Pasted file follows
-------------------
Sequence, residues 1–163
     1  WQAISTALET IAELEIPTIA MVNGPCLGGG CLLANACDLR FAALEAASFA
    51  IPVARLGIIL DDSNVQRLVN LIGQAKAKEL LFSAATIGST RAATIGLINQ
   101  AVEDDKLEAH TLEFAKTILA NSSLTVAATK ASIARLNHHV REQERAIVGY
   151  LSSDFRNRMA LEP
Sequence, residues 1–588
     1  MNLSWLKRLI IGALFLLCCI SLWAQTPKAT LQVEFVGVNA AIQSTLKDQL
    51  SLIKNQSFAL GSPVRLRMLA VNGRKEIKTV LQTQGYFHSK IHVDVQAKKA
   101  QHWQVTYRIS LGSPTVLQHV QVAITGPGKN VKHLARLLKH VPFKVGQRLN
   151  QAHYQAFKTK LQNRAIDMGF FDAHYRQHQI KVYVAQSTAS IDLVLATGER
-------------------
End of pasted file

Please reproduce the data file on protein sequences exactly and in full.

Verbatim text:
Sequence, residues 1–163
     1  WQAISTALET IAELEIPTIA MVNGPCLGGG CLLANACDLR FAALEAASFA
    51  IPVARLGIIL DDSNVQRLVN LIGQAKAKEL LFSAATIGST RAATIGLINQ
   101  AVEDDKLEAH TLEFAKTILA NSSLTVAATK ASIARLNHHV REQERAIVGY
   151  LSSDFRNRMA LEP
Sequence, residues 1–588
     1  MNLSWLKRLI IGALFLLCCI SLWAQTPKAT LQVEFVGVNA AIQSTLKDQL
    51  SLIKNQSFAL GSPVRLRMLA VNGRKEIKTV LQTQGYFHSK IHVDVQAKKA
   101  QHWQVTYRIS LGSPTVLQHV QVAITGPGKN VKHLARLLKH VPFKVGQRLN
   151  QAHYQAFKTK LQNRAIDMGF FDAHYRQHQI KVYVAQSTAS IDLVLATGER